Tuesday, May 5, 2009

whats a jelly?

Depending on the workplace circles you travel you may have heard the term "Jelly" tossed about. As in "Will I see you at the Jelly at Bob's place next week?", Or "I've decided to host a Jelly at my loft every other tuesday - drop in!" No, it has nothing to do with toast. Or at least toast is optional..

I can't find a strict definition, but my take on it from what I've read is that a Jelly is a loosely structured work get together hosted at a particular dwelling or studio space on a regular or scheduled basis, although it seems sometimes they form spontaneously. Its like a work party, not to paint your place, but for people to bring their own work to do for a day at your place. At a Jelly friends, associates, all generally independent workers, will drop in to the designated location to work and/or to collaborate. The idea is that the participants will gain the benefits of interaction with colleagues, the elimination of distractions they may have working at home, or just a more studious environment coming from your focused coworkers - the library reading room effect! We've seen this same relationship to coffee shop working, and CoWorking entities. But also this seems to generate a fresh focus for the independent worker, where the new workplace situation may actually help them experience greater productivity. I know I've experienced this phenomenon when forced to work in ad hoc situations, while traveling, or waiting, suddenly there is a reservoir of focus on hand. Some Jellys go on to develop into a CoWorking collective reinforcing the argument that the community often exists before the CoWorking site does.

But that is just my limited perceptions. I'd love to hear more from Jelly participants in the comments. Also here is an article on Jellys from the UK's On Office magazine - link.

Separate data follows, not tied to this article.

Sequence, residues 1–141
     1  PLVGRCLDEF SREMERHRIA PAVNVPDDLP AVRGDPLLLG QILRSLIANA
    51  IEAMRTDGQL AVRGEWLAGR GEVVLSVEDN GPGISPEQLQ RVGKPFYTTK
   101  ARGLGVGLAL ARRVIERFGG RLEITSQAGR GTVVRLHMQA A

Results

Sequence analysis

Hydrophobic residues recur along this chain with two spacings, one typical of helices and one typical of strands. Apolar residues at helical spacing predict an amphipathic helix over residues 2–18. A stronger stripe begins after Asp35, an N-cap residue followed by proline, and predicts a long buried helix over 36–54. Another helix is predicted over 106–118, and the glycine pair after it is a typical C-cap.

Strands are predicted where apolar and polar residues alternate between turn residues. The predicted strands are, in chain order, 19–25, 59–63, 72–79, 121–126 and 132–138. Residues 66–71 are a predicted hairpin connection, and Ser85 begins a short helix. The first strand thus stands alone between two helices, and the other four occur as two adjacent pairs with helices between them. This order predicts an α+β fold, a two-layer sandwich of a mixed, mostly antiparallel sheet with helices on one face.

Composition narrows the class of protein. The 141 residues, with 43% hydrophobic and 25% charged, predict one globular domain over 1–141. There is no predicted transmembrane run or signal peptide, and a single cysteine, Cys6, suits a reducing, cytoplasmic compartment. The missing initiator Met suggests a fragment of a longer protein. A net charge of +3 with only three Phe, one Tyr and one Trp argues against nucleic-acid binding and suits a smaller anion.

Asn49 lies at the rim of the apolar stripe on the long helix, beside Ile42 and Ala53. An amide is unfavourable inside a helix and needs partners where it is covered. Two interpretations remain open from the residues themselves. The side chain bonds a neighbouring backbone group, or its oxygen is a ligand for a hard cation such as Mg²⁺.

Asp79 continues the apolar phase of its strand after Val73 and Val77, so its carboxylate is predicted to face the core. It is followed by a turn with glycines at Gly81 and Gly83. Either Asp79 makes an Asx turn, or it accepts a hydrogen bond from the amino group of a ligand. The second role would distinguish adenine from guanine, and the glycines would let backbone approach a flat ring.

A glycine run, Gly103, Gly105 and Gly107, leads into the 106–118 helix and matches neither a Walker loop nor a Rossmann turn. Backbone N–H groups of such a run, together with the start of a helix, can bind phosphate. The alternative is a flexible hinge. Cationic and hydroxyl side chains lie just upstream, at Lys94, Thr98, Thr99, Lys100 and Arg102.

Update: here is a web site dedicated to Jellys, and it includes a listing of recurring Jellys in different cities: http://workatjelly.com/  http://wiki.workatjelly.com/


  1. I can see two kinds of benefits from a Jelly. First, freelance workers (what the On Office article describes as a majority of the group) sometimes need to find discipline and the Jelly offers that. I sometimes go to a coffee shop to work because there are less destractions there than at my office or home. The second benefit is much more interesting. Economists say that cities exist for two main reasons, to lower the cost of production and to make workers more productive. A big part of increased worker productivity comes from informal educational markets. If I take a class at a local college, I get a benefit but I pay for it. But if I have access to more people who do jobs like me and I can bounce ideas off them or simply watch them do what they do and pick up some ideas that make me more productive, that increase in my productivity is through an informal market. After taking account of formal education and experience, economists estimate that doubling a city size increases productivity by 10%. So the bigger the city, the more informal learning goes on.
    But here is a big question. If an informal market for learing from each other is a part of the Jelly experience, are they more useful if the members are all in closely related industries or in less similar industries?
    Interesting aside: It appears that doubling city size causes the cost of living to rise by about 16%. This 6% difference between income and cost of living represents the "tuition" people pay to attend the informal college of New York, Chicago, LA, London, etc.

  2. interesting observations Jeff - thank you


Blog Widget by LinkWithin